Share

Smith Welch Webb & White Blog

Wednesday, December 7, 2016

How to Repair your Credit Report after Identity Theft, Credit Card Fraud, or Improper Reporting

You have a 1 in 3 chance of becoming a victim of identity theft after your personal information has been swiped, according to a recent study published by Javelin Strategy & Research.  This is a sharp increase from just a few years ago – in 2010, the chance was still a startling 1 in 9.

While experts predict the risk of becoming a victim of identity theft and credit card fraud continues to increase, there are proactive steps you can take to protect yourself and your credit.  Here is a step-by-step guide for Georgia residents on how to identify and dispute credit fraud:

First, check your credit report on a regular basis.  Consumers in the state of Georgia are allowed to get two free credit reports every year and there are a number of free resources, including freecreditreport.com, annualcreditreport.com and creditkarma.com.  The reports vary by source – some are more detailed than others – but you can request credit reports from multiple sources.  You can also request a copy by mail directly from any one of the three credit reporting agencies, just send a letter stating your name, address, social security number, a statement that you are requesting a copy of your credit report, and include a copy of your driver’s license, passport, or other photograph ID for identification purposes. Anytime you send mail related to your credit history, we recommend keeping a duplicate copy on file and sending it via certified mail to maintain a well-documented paper trail. 

Once you receive your report(s), review all the information and look for anything out of the ordinary, which may include addresses of places you have not lived, names of employers you have not worked for, or information that should no longer be on your credit report such as bankruptcies over 10 years old.  If your credit report contains addresses of places you have not lived, employers you have not worked for, lines of credit you did not apply, and payment histories for lines of credit you have never used, you may be a victim of identity theft and should contact your local authorities and immediately file a police report.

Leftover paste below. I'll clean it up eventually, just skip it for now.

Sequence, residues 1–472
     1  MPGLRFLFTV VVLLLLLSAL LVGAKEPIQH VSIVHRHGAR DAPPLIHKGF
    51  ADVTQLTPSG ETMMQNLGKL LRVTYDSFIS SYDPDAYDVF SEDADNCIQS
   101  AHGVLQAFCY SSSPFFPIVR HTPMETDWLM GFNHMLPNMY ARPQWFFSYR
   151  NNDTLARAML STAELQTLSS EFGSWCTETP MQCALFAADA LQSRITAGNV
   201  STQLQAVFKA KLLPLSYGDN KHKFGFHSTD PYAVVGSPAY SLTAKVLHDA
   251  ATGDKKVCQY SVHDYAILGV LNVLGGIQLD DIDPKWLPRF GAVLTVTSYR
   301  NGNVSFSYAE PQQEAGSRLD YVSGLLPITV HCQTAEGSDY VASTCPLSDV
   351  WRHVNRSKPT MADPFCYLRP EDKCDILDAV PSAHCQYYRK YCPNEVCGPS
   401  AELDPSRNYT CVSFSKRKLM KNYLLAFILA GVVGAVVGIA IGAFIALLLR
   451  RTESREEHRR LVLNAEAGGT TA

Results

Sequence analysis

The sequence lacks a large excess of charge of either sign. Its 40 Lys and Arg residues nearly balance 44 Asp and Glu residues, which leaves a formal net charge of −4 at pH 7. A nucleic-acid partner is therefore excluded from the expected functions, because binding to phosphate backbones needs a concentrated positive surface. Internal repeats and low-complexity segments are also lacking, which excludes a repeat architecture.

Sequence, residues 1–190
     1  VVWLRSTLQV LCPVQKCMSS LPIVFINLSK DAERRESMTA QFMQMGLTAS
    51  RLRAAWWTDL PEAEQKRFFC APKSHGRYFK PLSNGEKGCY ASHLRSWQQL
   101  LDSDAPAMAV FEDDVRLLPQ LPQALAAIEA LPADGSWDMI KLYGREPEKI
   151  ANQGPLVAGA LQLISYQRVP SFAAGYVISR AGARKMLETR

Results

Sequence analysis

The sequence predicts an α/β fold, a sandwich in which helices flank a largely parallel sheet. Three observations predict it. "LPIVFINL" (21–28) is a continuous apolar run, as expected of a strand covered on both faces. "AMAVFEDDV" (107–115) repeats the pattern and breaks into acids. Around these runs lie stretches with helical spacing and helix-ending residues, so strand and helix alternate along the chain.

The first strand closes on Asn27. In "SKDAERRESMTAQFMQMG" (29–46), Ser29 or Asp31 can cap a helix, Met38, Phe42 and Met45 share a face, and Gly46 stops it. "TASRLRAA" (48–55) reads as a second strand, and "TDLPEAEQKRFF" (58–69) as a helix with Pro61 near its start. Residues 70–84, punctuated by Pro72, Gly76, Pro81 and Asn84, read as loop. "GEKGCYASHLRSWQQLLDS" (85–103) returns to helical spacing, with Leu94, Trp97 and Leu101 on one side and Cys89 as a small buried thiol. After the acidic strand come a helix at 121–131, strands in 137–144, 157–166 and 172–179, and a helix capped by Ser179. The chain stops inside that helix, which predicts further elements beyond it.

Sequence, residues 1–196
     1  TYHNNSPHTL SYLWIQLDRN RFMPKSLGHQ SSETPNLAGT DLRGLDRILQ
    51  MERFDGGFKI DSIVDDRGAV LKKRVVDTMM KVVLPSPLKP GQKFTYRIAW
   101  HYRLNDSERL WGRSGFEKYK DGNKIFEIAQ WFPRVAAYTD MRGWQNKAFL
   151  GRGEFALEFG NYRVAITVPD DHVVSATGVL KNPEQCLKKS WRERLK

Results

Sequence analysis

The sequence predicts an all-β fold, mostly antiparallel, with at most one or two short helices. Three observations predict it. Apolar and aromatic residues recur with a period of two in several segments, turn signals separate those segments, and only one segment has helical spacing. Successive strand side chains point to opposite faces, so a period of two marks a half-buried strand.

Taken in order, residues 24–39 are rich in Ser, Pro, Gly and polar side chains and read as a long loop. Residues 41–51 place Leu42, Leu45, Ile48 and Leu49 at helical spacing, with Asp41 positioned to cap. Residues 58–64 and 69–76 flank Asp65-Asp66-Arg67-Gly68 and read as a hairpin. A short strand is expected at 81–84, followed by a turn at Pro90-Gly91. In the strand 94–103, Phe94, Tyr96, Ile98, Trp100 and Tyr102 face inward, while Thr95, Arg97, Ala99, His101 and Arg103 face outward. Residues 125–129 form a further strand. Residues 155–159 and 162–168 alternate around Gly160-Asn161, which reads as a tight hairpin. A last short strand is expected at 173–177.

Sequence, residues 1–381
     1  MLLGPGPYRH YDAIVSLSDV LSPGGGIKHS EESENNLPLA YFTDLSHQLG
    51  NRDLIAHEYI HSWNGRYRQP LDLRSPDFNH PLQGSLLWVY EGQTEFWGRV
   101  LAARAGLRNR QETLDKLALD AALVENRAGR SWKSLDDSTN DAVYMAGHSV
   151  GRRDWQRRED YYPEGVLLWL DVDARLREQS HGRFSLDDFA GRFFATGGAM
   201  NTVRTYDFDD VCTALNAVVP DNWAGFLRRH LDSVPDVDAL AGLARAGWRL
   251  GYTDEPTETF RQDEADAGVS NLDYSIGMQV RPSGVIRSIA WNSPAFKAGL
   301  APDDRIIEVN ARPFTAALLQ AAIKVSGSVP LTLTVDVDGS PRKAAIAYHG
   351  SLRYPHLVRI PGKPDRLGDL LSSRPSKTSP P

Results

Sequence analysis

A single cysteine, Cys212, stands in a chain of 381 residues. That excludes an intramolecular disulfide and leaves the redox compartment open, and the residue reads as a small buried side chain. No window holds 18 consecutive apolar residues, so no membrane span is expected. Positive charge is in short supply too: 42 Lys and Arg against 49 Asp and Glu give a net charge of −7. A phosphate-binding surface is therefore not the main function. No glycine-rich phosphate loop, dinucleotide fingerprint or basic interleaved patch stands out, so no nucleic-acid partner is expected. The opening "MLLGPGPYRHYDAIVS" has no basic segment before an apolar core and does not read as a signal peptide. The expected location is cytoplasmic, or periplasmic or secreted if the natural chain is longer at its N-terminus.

If you find something that seems out of the ordinary, do some research.  Keep in mind, just because you don’t immediately recognize the name of an entity doesn’t automatically mean it’s not valid - sometimes companies change names, or it could be a collection agency who purchased your account from the original creditor.  It may take a little research to determine whether the unrecognized item is in fact related to a valid charge you originated. 

If after doing some initial research, something out of the ordinary does not seem related to your credit history, the next step is to contact the credit reporting agency from which you obtained the report, and the original creditor who reported to that agency, to dispute the reported information.  The best way to dispute a charge is by sending a letter sent via certified mail that clearly states the facts and provides copies of all evidence supporting your dispute.  If the information you feel is in error appears on credit reports obtained from all three credit reporting agencies, you will need to send a separate letter to each agency. While a violation of your consumer rights and your personal finances rightfully triggers many emotions, letters to credit agencies are not an opportunity to vent. Refrain from including unsupported allegations of wrongdoing and only include those facts which support your belief that the report was in error.  Prevent undermining your case by using the sample letter provided as a template.